Comparison of the LMA Supreme vs the i-gel™ in paralysed patients undergoing gynaecological laparoscopic surgery with controlled ventilation


  • Presented in part at the 13th Asian Australasian Congress of Anaesthesiologists in Fukuoka, Japan, June, 2010.

Correspondence to: Dr Wendy H.L. Teoh


We compared the efficacy of the inflatable cuff of the LMA Supreme™ against the non-inflatable i-gel™ cuff in providing an adequate seal for laparoscopic surgery in the Trendelenburg position in 100 female patients. There was no difference in our primary outcome, oropharyngeal leak pressure, between the LMA Supreme and the i-gel (mean (SD) 26.4 (5.1) vs 25.0 (5.7) cmH2O, respectively; p = 0.18). Forty-seven (94%) LMA Supremes and 48 (96%) i-gels were successfully inserted on the first attempt, with similar ease, and comparable times to the first capnograph trace (mean (SD) 14.3 (4.7) s for the LMA Supreme vs 15.4 (8.2) s for the i-gel; p = 0.4). Gastric tube insertion was easier and achieved more quickly with the LMA Supreme vs the i-gel (9.0 (2.5) s vs 15.1 (7.3) s, respectively; p < 0.001). After creation of the pneumoperitoneum, there was a smaller difference between expired and inspired tidal volumes with the LMA Supreme (21.5 (15.2) ml) than with the i-gel (31.2 (23.5) ml; p = 0.009). There was blood on removal of two LMA Supremes and one i-gel. Four patients in the LMA Supreme group and one patient in the i-gel group experienced mild postoperative sore throat.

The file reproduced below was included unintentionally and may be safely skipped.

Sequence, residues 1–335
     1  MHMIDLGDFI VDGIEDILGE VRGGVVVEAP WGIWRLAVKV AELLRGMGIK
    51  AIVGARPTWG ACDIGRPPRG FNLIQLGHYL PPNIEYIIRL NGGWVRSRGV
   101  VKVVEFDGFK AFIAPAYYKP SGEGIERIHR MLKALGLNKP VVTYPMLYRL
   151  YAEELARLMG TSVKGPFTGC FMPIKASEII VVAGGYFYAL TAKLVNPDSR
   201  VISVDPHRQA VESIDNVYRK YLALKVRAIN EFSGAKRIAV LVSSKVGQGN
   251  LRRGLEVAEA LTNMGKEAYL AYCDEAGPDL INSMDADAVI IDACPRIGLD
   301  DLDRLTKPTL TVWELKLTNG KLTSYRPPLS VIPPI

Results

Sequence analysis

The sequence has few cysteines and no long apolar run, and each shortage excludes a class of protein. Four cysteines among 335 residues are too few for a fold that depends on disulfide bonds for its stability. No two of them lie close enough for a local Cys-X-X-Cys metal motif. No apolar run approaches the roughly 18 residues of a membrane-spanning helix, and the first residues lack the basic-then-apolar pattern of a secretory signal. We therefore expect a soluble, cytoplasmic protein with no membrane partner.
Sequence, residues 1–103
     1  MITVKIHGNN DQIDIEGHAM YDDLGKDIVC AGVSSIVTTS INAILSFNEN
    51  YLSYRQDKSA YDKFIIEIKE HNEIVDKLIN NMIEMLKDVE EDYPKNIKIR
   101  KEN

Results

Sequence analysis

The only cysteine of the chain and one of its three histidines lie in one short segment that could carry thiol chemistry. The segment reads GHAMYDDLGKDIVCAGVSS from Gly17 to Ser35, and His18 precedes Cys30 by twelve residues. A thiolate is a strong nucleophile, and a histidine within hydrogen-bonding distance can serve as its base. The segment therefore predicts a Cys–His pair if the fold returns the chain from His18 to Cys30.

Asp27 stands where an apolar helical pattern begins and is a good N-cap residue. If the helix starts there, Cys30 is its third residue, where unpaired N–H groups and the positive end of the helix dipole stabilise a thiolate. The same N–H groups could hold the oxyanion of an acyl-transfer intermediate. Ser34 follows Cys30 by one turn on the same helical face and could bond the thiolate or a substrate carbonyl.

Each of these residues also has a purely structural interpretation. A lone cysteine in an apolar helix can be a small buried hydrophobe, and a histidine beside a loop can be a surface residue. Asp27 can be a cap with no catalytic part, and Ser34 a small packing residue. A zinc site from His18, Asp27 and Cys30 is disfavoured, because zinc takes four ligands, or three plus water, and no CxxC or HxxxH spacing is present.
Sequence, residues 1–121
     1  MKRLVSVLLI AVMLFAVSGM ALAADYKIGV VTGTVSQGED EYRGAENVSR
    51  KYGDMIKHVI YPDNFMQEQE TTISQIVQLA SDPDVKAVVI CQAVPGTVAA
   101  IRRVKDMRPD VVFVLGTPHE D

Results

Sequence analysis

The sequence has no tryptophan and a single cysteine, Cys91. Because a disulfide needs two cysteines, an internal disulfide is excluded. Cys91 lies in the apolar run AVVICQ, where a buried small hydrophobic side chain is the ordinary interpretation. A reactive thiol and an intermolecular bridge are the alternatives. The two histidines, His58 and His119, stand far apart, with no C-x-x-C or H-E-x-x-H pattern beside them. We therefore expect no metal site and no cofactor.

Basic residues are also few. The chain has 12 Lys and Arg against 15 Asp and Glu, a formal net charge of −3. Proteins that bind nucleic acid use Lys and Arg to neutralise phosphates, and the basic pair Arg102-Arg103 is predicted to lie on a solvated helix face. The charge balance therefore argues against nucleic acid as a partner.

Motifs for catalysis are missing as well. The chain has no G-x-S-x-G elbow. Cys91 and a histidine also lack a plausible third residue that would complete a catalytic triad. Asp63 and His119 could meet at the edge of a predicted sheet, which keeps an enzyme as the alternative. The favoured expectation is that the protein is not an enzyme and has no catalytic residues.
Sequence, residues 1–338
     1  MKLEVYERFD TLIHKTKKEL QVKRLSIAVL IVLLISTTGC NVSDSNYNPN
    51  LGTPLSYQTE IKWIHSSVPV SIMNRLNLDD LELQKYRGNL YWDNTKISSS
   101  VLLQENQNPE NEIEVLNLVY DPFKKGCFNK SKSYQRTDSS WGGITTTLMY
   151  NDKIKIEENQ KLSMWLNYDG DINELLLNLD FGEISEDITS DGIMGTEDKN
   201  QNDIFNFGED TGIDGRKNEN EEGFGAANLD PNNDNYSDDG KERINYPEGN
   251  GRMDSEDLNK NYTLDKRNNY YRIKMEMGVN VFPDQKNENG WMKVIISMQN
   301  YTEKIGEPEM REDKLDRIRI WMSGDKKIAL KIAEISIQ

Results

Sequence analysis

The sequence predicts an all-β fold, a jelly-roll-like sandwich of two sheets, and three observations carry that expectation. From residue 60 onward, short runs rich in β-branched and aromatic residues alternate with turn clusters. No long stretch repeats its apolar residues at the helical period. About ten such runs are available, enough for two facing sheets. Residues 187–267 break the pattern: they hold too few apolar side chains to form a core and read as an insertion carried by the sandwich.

Supraglottic airway devices with gastric access tubes are increasingly being used in surgery requiring general anaesthesia and positive pressure ventilation. The i-gel™ (Intersurgical Ltd, Wokingham, UK) is a unique disposable supraglottic airway device introduced clinically in January 2007. It comprises a soft, gel-like, non-inflatable cuff made of thermoplastic elastomer, a widened, flattened stem with a rigid bite-block that acts as a buccal stabiliser to reduce axial rotation and malpositioning, and an oesophageal vent through which a gastric tube can be passed. Preliminary studies have demonstrated its easy reliable insertion, providing an adequate seal with a low morbidity rate [1–3]. It is a reasonable alternative to tracheal intubation during pressure-controlled ventilation [4], and can be used as a conduit for tracheal intubation and rescue airway management [5–7].

The LMA Supreme™ (LMA-S™; Laryngeal Mask Company, Singapore), on the other hand, is another supraglottic device introduced in 2007 [8, 9], with many similar characteristics to the i-gel: single use; presence of a drain tube to separate the gastrointestinal tract from the respiratory tract; and built-in bite block. It differs from the i-gel in that it is constructed of medical grade silicone, and has an inflatable cuff, a reinforced tip, and an elliptical, anatomically shaped, semi-rigid airway tube.